[Federal Register Volume 73, Number 51 (Friday, March 14, 2008)]
[Proposed Rules]
[Pages 13812-13813]
From the Federal Register Online via the Government Publishing Office [www.gpo.gov]
[FR Doc No: E8-5094]



39 CFR Part 111

Letter-Size Booklets and Folded Self-Mailers

AGENCY: Postal Service.

ACTION: Advance notice of proposed rulemaking.


SUMMARY: The Postal Service is developing new mailing standards for 
folded self-mailers, booklets, and folded booklets mailed at automation 
and machinable letter prices. This notice provides advance information 
about the mail preparation changes to help mailers plan for future 

DATES: We must receive your comments on or before April 14, 2008.

ADDRESSES: Mail or deliver written comments to the Manager, Mailing 
Standards, U.S. Postal Service, 475 L'Enfant Plaza, SW., Room 3436, 
Washington, DC 20260-3436. You may inspect and photocopy all written 
comments at USPS Headquarters Library, 475 L'Enfant Plaza, SW., 11th 
Floor N, Washington, DC between 9 a.m. and 4 p.m., Monday through 

FOR FURTHER INFORMATION CONTACT: Barry Walsh, 202-268-7595, or Bill 
Chatfield, 202-268-7278.



    Due to the price increases associated with mailing flat-size 
catalogs last year, letter-size catalogs have become more popular. 
These types of letter-size booklets and folded self-mailers are often 
called ``slim jims.'' Unfortunately, many slim jims will jam letter 
automation equipment or become significantly damaged during processing. 
To avoid these problems, slim jims often are run on flat-sorting 
equipment, where they process without significant problems, but at 
significantly greater cost. To rectify this situation, the Postal 
Service is developing new automation mail preparation standards for 
letter-size booklets and folded self-mailers that more accurately 
characterize which pieces can be run on our primary letter-sorting 
    In addition, we have observed an increase in untabbed booklets that 
are entered at machinable (nonautomation) prices. Many of these 
booklets cannot run on our primary letter-sorting equipment, even if 
tabbed. Our new mail preparation standards will better align the 
machinable and automation requirements and outline new tabbing 
requirements for efficient letter mail processing.

Mailpiece Testing

    Letters processed on our primary letter-sorting equipment travel 
around turns and through gates at the rate of 10 letters per second. In 
this environment, the physical behavior of booklets and folded self-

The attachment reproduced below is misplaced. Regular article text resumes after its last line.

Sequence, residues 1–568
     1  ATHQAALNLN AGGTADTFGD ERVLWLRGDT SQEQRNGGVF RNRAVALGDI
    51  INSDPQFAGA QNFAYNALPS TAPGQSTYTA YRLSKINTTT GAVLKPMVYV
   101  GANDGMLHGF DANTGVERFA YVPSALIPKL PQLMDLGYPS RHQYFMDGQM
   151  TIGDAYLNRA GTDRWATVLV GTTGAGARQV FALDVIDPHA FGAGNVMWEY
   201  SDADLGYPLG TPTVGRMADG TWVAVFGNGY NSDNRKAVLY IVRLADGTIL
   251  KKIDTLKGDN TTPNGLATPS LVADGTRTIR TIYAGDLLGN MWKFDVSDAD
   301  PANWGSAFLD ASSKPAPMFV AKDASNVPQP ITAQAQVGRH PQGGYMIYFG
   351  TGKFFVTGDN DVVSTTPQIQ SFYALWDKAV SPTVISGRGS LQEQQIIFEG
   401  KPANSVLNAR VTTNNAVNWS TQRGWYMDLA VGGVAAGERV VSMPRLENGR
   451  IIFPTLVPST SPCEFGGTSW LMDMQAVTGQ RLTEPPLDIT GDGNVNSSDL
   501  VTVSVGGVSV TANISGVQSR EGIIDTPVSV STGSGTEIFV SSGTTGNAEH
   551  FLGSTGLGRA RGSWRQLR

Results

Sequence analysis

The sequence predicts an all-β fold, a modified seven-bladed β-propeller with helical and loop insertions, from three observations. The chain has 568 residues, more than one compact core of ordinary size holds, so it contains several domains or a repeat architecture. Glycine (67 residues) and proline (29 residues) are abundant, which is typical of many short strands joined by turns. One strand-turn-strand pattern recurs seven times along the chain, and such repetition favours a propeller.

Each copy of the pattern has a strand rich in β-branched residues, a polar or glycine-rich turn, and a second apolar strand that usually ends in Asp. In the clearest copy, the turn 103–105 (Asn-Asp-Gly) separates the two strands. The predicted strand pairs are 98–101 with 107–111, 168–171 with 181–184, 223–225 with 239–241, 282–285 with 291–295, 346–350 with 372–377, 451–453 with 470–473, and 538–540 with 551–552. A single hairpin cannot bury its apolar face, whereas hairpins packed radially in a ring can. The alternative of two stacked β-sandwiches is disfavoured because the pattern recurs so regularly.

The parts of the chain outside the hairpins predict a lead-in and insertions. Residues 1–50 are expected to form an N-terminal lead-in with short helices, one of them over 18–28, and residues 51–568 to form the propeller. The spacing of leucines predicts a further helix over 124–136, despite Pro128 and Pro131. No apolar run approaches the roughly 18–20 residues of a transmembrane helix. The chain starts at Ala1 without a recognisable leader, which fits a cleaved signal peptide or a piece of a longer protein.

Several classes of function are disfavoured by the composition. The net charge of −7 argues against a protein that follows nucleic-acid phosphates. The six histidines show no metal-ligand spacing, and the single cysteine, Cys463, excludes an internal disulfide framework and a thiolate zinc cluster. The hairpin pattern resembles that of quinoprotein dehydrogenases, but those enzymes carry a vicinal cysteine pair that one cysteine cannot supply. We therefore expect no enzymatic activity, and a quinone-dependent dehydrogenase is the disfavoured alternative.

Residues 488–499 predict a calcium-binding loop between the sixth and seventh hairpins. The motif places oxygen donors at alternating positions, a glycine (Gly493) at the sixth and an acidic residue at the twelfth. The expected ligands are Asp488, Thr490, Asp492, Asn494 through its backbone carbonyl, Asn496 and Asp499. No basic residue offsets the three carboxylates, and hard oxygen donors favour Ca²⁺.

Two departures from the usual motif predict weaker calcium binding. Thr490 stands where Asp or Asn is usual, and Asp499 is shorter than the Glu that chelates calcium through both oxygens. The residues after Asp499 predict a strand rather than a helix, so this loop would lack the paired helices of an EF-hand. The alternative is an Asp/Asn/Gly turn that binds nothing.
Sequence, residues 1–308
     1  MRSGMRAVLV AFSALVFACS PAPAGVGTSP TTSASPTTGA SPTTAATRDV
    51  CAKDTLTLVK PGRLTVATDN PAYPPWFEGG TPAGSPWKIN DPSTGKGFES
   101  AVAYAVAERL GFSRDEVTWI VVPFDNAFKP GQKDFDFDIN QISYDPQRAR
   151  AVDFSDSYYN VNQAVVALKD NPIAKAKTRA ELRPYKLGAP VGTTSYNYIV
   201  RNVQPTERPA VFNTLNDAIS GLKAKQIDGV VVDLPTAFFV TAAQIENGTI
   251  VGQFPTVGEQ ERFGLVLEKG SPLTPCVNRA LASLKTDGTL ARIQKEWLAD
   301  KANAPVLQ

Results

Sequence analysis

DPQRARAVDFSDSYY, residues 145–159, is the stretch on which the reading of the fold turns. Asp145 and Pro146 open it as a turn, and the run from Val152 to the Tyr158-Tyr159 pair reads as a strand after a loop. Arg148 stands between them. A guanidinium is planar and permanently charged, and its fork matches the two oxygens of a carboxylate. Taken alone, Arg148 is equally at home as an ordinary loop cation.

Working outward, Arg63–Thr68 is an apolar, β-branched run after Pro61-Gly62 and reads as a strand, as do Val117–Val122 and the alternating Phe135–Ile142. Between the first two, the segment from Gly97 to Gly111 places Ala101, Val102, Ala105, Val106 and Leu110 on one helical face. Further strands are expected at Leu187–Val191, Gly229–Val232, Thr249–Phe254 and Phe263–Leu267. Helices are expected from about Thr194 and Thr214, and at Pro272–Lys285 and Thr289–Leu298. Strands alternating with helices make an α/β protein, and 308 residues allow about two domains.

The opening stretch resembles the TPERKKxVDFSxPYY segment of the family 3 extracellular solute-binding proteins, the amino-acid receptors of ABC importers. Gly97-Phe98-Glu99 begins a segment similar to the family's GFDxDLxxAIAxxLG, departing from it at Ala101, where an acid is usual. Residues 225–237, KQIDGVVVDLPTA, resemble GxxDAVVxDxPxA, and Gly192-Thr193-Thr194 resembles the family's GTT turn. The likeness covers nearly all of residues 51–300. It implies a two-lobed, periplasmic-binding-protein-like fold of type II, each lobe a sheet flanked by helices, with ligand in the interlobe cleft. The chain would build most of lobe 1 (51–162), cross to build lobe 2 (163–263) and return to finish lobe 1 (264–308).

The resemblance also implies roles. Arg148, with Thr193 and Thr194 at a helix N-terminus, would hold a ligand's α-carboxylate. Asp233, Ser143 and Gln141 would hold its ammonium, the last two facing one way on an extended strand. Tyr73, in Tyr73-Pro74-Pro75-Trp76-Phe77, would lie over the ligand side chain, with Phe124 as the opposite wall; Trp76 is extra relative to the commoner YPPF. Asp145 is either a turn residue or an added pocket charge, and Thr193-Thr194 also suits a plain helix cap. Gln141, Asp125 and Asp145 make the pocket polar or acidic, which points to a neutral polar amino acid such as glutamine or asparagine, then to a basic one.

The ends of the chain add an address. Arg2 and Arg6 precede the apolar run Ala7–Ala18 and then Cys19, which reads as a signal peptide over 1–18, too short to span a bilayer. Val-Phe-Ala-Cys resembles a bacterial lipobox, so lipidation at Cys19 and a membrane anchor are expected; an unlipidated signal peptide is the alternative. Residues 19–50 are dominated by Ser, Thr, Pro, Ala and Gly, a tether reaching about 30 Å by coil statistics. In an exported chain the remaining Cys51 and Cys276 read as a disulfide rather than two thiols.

mailers differs significantly from enveloped pieces due to a number of 
physical characteristics. We consulted widely with mailers, printers, 
manufacturers, and USPS field processing operations to determine the 
physical characteristics that were most likely to be both important in 
processing and compatible with industry practices. The characteristics 
chosen for testing were: Size, thickness, cover stock, tab style, tab 
strength, tab location, and binding (either stapled on a single fold; 
stapled and folded twice; or folded twice and unstapled--a folded self-
    The USPS Engineering department designed testing in two phases, 
with the first phase intended to determine the characteristics of a 
mailpiece that are most important for efficient processing. In this 
first phase, test pieces were intermixed with enveloped letters to 
replicate normal postal processing. Damaged pieces were removed between 
runs, and we compiled statistics on jams and damage. A second phase 
will determine and verify the specific limits on each characteristic 
for automation-compatible booklets and folded self-mailers. In this 
notice, we report the results of the first phase to provide mailers 
with the earliest possible test results and opportunity to comment.

Preliminary Data

    The first phase of testing revealed that the most important 
characteristics by far are thickness and tab integrity, and that each 
of these characteristics is independently important. The next most 
significant characteristic is the cover stock.


    We tested two mailpiece thicknesses: \1/16\ inch and \1/8\ inch. As 
long as the tabs remained in place and did not break, the \1/16\-inch-
thick pieces ran with jam and damage rates somewhat higher than the 
rates anticipated for similar enveloped letters. The \1/8\-inch-thick